Rayong, and its hide-away Ko Samet
"The province of Rayong"
Rayong is situated on the southeast coast of Thailand, two hundred kilometres from Bangkok heading towards the coast of Cambodia. Anyone looking for a place rich in history or culture would be in the wrong place here, as Rayong was forested by deep jungle until the twentieth century. Mouhot, on the search of the ruins of Angkor Wat in the 19th century, was passing here by boat, describing the jungle, full of ghibbons and crocodiles. There were no roads available at the time.
In the course of the twentieth century Chinese immigrants, and coastal Thais cut down the jungle in many parts of the province, a positive example of human encroachment on nature. Just sometimes an old huge jungle tree is left, towering over the plantations and gardens of the new inhabitants. Ricefields, interrupted by rubber, ananas, tapioca, and all sorts of South-East-Asian fruit trees, that give shadow to the houses ducked and hidden in the greenery.
On this pic you see a ricefield in front, which is now left to the grass, till it will be ploughed and planted and irrigated again. Rayong has enough water to irrigate throughout the year.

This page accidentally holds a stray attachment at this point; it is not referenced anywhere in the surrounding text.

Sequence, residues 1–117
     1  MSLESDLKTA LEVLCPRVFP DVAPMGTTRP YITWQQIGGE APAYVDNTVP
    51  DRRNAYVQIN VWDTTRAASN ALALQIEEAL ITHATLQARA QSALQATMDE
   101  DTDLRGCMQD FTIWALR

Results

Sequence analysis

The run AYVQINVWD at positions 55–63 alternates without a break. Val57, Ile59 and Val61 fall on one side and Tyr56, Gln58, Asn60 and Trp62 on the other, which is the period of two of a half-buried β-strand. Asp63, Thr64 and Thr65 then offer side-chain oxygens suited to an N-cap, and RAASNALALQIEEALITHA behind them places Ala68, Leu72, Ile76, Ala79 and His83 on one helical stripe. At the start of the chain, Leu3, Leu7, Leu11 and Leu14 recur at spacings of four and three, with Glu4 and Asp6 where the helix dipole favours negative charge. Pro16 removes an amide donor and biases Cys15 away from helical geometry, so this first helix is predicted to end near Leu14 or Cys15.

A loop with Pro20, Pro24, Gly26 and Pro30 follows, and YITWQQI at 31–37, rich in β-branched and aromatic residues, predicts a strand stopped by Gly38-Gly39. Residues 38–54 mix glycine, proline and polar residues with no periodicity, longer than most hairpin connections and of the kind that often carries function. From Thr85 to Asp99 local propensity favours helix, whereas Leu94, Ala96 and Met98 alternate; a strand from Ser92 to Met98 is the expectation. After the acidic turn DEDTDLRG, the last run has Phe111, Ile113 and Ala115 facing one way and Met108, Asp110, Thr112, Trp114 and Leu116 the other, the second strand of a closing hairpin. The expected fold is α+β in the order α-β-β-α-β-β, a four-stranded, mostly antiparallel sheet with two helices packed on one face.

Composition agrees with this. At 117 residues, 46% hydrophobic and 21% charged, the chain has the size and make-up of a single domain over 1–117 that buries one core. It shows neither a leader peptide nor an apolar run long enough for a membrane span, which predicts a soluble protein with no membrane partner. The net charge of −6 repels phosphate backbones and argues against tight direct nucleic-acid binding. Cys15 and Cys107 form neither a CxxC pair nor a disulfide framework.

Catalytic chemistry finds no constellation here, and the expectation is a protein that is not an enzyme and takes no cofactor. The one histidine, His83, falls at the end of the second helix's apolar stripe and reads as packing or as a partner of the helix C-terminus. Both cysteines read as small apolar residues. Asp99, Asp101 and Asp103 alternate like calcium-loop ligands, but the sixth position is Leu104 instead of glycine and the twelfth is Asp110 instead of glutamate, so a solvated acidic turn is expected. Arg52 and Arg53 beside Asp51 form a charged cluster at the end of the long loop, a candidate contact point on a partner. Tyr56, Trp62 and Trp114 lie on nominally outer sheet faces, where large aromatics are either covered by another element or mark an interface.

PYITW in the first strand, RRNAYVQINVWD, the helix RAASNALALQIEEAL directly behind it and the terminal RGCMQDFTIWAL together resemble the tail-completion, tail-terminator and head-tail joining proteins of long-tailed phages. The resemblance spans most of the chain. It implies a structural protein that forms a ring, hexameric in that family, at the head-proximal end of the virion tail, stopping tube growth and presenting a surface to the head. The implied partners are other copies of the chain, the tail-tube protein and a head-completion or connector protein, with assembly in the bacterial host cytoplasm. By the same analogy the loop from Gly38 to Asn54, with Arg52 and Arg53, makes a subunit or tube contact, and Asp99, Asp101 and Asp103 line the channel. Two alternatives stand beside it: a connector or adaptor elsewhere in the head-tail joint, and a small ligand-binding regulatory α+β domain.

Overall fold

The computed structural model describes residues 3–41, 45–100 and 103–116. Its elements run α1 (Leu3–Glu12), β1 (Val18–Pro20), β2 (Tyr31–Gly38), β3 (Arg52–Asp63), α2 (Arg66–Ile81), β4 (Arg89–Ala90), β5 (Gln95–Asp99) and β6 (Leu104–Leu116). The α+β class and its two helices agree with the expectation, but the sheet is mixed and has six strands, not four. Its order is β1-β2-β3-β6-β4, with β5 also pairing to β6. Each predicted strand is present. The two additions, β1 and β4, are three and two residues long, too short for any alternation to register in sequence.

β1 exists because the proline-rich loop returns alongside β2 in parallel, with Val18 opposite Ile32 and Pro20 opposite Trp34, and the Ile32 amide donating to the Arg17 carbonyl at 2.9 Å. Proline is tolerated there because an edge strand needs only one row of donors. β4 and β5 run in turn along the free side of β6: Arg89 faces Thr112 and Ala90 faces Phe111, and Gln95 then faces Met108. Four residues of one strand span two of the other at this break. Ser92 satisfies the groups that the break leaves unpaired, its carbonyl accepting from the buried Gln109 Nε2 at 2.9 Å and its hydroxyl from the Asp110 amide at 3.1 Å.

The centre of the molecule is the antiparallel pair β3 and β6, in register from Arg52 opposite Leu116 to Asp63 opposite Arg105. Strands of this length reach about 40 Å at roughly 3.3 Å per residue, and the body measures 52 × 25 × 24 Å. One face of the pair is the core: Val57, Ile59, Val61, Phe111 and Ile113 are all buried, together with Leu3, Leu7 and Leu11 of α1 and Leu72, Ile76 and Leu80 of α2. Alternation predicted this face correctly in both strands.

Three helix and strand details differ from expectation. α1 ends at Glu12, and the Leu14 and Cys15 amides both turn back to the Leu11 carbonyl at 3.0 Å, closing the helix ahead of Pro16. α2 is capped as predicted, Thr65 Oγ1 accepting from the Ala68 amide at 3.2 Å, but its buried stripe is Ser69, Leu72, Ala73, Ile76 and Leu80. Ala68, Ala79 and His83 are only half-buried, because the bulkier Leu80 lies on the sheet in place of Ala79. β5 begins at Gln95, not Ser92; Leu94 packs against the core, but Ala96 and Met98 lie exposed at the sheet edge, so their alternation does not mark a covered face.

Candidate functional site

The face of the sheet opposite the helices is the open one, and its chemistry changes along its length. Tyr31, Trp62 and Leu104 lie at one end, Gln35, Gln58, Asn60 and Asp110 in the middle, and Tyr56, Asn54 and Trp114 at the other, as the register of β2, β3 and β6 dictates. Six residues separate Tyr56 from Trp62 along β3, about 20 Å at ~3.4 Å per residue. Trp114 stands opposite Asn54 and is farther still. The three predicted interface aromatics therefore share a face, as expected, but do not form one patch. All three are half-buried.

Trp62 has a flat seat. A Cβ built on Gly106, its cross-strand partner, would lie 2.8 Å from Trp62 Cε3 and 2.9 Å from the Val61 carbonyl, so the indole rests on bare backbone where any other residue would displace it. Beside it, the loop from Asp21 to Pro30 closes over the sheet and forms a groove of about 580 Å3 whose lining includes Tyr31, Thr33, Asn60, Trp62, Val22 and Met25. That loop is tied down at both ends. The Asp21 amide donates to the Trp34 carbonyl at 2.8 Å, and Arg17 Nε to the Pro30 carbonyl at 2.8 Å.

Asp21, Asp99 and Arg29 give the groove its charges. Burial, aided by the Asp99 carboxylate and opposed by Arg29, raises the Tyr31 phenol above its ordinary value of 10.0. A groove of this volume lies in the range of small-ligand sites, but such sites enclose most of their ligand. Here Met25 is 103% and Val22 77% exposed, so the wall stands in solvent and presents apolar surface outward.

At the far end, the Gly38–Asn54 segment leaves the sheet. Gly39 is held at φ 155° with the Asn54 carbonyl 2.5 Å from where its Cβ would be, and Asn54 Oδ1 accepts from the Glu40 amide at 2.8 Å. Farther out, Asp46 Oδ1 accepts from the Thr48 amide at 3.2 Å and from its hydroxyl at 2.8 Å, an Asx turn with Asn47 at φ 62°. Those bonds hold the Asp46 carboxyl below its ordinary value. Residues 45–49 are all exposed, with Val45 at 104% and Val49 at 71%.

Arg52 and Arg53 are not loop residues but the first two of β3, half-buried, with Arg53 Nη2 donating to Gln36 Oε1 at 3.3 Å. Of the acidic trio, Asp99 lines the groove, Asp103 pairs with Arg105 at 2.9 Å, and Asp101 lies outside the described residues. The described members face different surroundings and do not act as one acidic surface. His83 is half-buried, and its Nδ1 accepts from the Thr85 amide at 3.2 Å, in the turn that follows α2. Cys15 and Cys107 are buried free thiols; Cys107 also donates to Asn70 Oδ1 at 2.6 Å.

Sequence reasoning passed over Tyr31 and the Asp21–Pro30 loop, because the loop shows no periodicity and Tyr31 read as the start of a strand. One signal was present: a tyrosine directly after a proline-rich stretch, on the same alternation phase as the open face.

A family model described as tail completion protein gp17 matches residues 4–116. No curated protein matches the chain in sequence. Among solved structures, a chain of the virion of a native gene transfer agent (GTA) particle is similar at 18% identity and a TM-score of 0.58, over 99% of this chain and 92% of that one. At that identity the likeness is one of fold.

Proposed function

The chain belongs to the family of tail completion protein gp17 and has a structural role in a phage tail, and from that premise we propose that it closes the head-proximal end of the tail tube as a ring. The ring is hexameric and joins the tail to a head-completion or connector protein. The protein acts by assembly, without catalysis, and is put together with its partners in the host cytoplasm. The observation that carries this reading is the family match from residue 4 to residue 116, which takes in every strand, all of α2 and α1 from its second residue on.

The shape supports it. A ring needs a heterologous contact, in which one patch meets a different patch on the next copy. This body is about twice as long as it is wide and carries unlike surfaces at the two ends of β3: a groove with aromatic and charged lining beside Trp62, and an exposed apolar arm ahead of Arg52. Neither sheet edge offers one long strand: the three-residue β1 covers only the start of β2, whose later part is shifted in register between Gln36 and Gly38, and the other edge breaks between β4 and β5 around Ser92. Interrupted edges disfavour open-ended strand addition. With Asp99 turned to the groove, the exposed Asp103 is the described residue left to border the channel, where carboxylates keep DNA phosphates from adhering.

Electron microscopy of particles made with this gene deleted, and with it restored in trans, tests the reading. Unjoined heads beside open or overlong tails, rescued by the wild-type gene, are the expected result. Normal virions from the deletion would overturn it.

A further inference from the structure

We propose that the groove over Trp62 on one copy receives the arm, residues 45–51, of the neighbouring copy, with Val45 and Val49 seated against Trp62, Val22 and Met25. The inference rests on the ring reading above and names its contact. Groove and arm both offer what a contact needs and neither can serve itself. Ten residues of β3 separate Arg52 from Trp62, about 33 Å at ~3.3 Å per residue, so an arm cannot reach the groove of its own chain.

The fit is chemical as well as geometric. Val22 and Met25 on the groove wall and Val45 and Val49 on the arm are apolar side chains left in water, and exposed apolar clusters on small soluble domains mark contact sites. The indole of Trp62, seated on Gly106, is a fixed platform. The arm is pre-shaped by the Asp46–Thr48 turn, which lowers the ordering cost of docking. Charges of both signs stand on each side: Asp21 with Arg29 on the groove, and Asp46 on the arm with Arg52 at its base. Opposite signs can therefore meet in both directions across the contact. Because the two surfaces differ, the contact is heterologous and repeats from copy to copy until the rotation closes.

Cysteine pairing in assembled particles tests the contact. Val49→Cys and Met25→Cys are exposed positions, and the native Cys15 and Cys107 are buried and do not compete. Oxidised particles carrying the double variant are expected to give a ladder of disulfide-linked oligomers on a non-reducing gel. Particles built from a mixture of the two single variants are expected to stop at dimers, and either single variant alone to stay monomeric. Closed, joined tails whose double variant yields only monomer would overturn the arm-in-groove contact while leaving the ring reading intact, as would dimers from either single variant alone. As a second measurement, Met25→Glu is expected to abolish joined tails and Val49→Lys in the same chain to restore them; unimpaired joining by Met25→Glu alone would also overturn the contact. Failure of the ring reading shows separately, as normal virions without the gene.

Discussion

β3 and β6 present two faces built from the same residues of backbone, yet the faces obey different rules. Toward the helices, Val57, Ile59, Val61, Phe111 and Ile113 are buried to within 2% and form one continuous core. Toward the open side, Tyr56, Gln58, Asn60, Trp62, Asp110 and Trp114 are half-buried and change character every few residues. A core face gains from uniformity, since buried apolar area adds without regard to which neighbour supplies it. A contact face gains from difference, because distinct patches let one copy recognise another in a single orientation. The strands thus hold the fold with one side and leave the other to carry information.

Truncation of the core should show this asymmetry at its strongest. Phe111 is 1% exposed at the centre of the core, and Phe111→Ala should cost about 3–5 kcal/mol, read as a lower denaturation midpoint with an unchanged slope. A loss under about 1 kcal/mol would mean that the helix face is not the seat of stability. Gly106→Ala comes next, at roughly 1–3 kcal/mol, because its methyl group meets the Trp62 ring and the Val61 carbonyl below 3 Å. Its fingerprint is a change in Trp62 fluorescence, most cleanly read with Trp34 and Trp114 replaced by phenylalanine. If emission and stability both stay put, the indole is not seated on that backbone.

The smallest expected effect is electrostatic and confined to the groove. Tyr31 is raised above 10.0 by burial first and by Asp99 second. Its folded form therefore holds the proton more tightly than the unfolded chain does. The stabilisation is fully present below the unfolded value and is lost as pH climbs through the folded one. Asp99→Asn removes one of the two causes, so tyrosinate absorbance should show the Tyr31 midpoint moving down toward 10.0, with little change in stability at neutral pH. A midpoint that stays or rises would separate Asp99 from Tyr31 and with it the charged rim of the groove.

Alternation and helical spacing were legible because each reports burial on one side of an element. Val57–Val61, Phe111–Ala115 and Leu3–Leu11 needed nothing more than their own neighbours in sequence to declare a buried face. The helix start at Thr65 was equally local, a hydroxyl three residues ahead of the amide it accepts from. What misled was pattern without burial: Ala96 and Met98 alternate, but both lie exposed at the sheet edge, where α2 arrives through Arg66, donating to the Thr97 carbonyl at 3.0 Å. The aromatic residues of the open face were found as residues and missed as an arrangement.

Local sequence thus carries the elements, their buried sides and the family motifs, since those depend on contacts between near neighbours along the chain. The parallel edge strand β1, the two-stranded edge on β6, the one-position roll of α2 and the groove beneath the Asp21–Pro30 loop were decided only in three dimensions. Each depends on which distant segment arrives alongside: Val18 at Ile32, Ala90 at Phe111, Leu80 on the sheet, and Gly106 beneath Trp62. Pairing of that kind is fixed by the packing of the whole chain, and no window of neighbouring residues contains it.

Some jungle trees that were left surround the human plantation: one sugar-palm stands in the center, in the middle of the slender Areca palms that carry large bunches of fruits that used to be the pastime of women on the Indochinese peninsula: they chewed it, spit out the red juice, that hardened their teeth and made them black, which was considered more beautiful than teeth which reminded of a predator. Only recently the women changed there idea of beauty: now they smoke cigarettes instead of betelnut, giving them black lungs and brown teeth, just a slight difference to former times.
As a consequence, the farmers deliver the fruit of the Areca-palm to factories which make dye out of it.
A fligth from Bangkok to Phnom Penh would lead you over this province, whose abundance would leave most oberservers in surprise and awe and veneration of the goods of nature.
The morning sun is accompanied by the chirping and singing of birds, and the rain would provoke the toads to croak happiliy in choir. And if the two are silent, you would hear the humming of insects, the hissing or wriggling of snakes, when walking through the high grass, or the chirping of the geckoes living on the walls and ceilings of the houses.
The many travellers heading straight towards the sea are unaware of that. But he few ones who leave the highway enter a place whose nature is certainly as beautiful as Gauguins paintings of the Tahitian islands in the 19th century and whch always reminds me of that painters vision.